#8. Over Fishing:

We touched on overpopulation above, because of this exponential growth in population, our hunger for fresh fish has caused us to tax the supply of wild fish all across the world.

In total, the average person eats an estimated 19.2kg of fish each year. This is almost twice the amount we consumed 50 years ago.

 

Because of the demand and supply, this has led to a 39% decrease in marine species (that we are aware of) in just 40 years.

There’s no end in sight: Only 10% of our fish species are classed as ‘underfished.’ meaning that, for the most part, the oceans and seas are free game.

That’s why this topic is one of our 2022 environmental problems.

#9. Soil Degredation:

According to UN estimates, about 12 million hectares of farmland a year get seriously degraded.

How?
Erosion,
Overgrazing,
Overexposure to pollutants, Monoculture planting,
Soil compaction,
Land-use conversion …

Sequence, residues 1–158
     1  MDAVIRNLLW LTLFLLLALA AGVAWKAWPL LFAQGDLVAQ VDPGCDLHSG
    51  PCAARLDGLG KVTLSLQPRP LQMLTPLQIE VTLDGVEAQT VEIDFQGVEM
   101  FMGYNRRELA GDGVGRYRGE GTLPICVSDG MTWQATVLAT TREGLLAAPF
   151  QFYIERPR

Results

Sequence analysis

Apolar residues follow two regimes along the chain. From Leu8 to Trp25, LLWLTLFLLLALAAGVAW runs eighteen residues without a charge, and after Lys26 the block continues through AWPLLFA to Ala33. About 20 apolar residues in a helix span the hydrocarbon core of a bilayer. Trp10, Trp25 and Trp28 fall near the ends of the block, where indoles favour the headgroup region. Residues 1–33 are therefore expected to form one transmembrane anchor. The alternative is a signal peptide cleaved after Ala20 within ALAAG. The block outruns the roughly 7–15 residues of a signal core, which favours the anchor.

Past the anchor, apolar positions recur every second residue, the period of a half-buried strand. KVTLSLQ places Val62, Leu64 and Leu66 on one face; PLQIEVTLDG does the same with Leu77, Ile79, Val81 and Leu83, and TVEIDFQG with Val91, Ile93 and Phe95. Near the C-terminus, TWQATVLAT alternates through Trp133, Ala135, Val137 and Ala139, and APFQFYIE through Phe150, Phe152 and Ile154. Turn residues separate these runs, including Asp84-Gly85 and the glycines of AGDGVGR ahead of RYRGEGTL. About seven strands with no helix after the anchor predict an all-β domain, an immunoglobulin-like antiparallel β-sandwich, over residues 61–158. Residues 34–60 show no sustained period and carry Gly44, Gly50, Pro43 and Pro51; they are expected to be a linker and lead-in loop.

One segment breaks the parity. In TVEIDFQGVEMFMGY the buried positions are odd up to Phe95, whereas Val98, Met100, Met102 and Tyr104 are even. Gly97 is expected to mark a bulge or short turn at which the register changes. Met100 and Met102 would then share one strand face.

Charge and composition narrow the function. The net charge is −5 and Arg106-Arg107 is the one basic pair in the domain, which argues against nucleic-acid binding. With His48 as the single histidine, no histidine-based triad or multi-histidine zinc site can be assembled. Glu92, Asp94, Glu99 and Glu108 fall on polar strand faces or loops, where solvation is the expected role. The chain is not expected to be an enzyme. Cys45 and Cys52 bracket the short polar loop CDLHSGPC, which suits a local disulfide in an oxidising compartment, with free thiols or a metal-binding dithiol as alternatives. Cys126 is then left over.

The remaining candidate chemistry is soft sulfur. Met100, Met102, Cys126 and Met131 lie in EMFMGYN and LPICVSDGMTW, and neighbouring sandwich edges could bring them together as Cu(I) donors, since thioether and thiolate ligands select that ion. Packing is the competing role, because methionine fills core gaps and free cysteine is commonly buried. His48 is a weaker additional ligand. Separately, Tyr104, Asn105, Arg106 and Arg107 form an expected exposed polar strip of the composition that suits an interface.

… to name just a few.

Why is this a problem? 

Soils are a base natural resource. They are the absolute basis for all terrestrial life.

#10. Unsustainable Waste:

Hyper over consumption is catching up with us. 

The average person produces 4.3 pounds of waste per day, and the US alone accounting for 220 million tons a year. 

Our demand for quick, cheap and accessible products has resulted in mass amounts of non-biodegradable rubbish. Think: E-waste and plastic to name just a couple.

 


These products create then emit harmful chemicals that leach into our waterways.

It also generates methane (on of the worst GHG’s) when it inevitable ends up in landfill. Did you know that only 9% of plastics are recycled?

This was a heavy list to put together. 

We didn’t even touch on melting ice caps and global warming …

Know that you’re not alone in feeling environmental stresses and eco-anxiety. Trust us, there are great people out there working towards great things. 

Check out our other blog post: It’s Not All Doom and Gloom in the Climate World and buoy your spirits.

Share on facebook
Facebook
Share on twitter
Twitter
Share on linkedin
LinkedIn

Get Your Green Goals Tracker

Act Green, Wear Green

Wear your commitment to our planet and be an inspiration to those around you with our Random Acts of Green Upcycled T-Shirt.

🌎 We may be random, but we're not without purpose.

Connect with our climate action community for resources, events, and steps you can take to protect our planet – starting today.
🌎🌎🌎